LARKIN, Philip


LARKIN, Philip Jill

Fortune Press, 1946.

First edition. Publisher's green cloth, one of many binding variants of the first edition, this one not recorded by Bloomfield. A remarkable presentation copy, inscribed on the front endpaper "For Norman, in memory of 'the best education in the land'. Philip Larkin". Larkin has made a manuscript correction to page 16, to add "case" after "his silver cigarette". A very good copy, worn and a little shaken with an abrasion to the corner of the front pastedown and a closed tear to pp. 155-6.

An exceptional presentation copy of Larkin's first novel, inscribed for his closest friend during his first years at Oxford. In 1942 Larkin wrote to Iles "I admire your courage, intelligence and honesty. To prove it I am quite willing to keep up a correspondence as long as you like... I don't care much if I lose sight of Kingsley etc. but I should be very sorry to lose sight of you" (28th July 1942).
Jill is one of the foremost Oxford novels of the mid-twentieth century and in his introduction to the Faber edition of the book (1964), Larkin contextualises the story in terms of his relationship with Iles:
"My tutorial-mate was a large pallid-faced stranger with a rich Bristolian accent, whose preposterous skirling laugh was always ready to salute his own outrages... Norman at once set about roughing up my general character and assumptions. Any action or even word implying respect for qualities such as punctuality, prudence, thrift or respectability called forth a snarling roar like that of the Metro-Goldwyn-Mayer lion and the accusation of bourgeoisisme; ostentatious courtesy produced a falsetto celestial-choir effect, ostentatious sensibility the recommendation to 'write a poem about it.'"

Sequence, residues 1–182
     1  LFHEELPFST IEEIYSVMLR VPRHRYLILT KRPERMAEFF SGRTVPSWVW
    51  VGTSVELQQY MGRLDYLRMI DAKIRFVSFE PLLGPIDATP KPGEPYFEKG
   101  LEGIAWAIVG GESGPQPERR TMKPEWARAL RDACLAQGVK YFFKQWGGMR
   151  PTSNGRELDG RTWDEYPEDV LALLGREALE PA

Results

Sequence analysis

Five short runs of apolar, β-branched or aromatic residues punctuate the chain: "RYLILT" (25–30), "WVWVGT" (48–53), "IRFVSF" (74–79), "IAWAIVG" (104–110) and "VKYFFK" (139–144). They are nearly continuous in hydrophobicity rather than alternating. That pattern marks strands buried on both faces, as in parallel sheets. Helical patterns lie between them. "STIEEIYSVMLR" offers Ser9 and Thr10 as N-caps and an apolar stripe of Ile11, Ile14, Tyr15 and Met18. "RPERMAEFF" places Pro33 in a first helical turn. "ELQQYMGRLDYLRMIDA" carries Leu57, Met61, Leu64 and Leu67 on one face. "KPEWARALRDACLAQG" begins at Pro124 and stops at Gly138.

The inscription's nostalgia for "the best education in the land" refers to a persona the pair invented for their walks to tutorials with Gavin Bone (a fellow at St John's College) and is again explained by Larkin in his 1964 introduction:
"We quickly invented 'the Yorkshire scholar', a character embodying many of our prejudices, and conversed in his flat rapacious tones in going to and from our tutor, Gavin Bone. 'You're gettin' the best education in the land, lad.' 'Ay, but you must must cut your coat according to your cloth.' 'Had tea wi' t'Dean on Sunday - I showed him I'd been reading his book.' 'Never lose a chance to make a good impression.'... This comedy probably gave Norman more release than it did me... but I was sufficiently acquainted with the climate of the scholarship year to enjoy keeping the game going. I cannot imagine what Gavin Bone thought of us. Already in failing health, he treated us like a pair of village idiots who might if tried too hard turn nasty." Writing in a letter to Iles on 31st August 1946, Larkin wrote "My Oxford novel isn't out yet... I renew my promise to send you a copy - you'll like my Yorkshire scholar in it."
Presentation copies of Jill are intensely rare. It is likely that Larkin inscribed little more than the handful of copies he sent to close friends. No other copy has been offered at auction and we have handled only one other (to Bruce Montgomery) in the last twenty years.

Bloomfield A2a.

Stock ID: 38769


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